Thursday night at 7:30 pm ET Comet Lovejoy will move through its closest approach to the Sun. Starting at 23:30 UTC (6:30 pm ET) Thursday we will point the SDO spacecraft a little to the left of its usual position. The images will look like this figure, where the circle is the edge of the Sun and the X’s are where we estimate the comet will be and the red arrow shows the direction the comet moves. Watching from SDO the comet goes behind at 00:22 UTC (7:22 pm ET).

All three instruments on SDO will be watching the comet. The EUV images from AIA would show the second comet seen in these ultraviolet wavelengths (the first was in July). HMI and AIA can use the comet to understand the roll of the spacecraft. EVE might see some of the atomic ions responsible for making the comet bright in the EUV.

In July we saw a Kreutz comet disappear as it passed across the face of the Sun, why does it go behind the Sun this time?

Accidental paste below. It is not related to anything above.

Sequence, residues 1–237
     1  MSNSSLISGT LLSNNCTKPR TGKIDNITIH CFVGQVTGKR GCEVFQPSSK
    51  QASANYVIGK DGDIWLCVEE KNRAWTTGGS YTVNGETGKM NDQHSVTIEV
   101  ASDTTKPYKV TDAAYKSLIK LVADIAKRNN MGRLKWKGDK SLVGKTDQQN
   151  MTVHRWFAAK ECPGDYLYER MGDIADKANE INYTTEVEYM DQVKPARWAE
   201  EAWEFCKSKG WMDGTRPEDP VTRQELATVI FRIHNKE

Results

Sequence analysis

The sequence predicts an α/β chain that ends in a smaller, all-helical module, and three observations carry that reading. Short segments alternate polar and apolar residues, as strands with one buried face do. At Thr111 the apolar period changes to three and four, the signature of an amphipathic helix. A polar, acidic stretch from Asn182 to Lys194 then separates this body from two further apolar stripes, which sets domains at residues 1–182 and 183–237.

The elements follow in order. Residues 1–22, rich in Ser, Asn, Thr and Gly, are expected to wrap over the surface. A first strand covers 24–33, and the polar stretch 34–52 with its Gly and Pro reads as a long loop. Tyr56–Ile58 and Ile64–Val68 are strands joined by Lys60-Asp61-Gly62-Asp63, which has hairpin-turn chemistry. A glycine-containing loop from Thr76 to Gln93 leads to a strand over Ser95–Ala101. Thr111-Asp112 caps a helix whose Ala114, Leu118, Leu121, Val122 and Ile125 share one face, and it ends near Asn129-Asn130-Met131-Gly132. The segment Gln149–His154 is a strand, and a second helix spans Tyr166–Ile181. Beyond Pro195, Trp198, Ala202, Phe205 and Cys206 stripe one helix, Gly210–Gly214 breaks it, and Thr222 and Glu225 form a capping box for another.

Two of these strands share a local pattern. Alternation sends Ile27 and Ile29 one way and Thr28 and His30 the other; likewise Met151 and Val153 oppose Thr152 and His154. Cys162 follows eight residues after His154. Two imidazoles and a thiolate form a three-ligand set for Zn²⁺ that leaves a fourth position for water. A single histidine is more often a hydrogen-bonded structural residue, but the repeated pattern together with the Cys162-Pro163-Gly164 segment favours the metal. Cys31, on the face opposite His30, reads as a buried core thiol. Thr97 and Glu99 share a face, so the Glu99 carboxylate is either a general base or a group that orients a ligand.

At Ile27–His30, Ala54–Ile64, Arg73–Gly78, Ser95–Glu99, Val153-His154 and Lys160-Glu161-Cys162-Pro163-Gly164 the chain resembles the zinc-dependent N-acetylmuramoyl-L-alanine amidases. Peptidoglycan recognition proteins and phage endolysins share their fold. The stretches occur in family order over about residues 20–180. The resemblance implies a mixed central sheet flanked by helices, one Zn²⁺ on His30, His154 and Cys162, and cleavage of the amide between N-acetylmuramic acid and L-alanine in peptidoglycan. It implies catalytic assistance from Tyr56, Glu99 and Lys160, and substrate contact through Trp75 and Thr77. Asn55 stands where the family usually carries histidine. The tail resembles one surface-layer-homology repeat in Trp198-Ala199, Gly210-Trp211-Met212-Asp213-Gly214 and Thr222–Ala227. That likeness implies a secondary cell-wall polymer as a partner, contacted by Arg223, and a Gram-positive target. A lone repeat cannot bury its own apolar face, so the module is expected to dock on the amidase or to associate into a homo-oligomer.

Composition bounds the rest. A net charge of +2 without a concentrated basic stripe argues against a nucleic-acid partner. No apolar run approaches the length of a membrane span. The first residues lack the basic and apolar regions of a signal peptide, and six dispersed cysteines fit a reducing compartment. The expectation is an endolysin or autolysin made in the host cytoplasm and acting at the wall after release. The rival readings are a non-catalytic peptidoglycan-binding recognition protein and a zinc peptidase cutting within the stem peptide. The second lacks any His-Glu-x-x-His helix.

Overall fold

The way we see a Kruetz comet depends on where we look from. We have constructed a 3-D model of the comet orbit from blue wire and a yellow sphere. The top picture shows how the comet will move Thursday night; up from below the ecliptic, behind the Sun, and then back down, generally moving from left to right.

A view from the July position of the Earth is shown in the lower picture. The comet seen then moved up and across the face of the Sun (from right to left) because the Earth and SDO were on the other side of our orbit.

Amazing fact #1: A Kreutz comet takes 800-900 years to orbit the Sun. Because its closest approach (or perihelion) is only 0.2 solar radii above the Sun’s photosphere, each comet must travel 150-200 AU (out near Sedna) out into space before returning!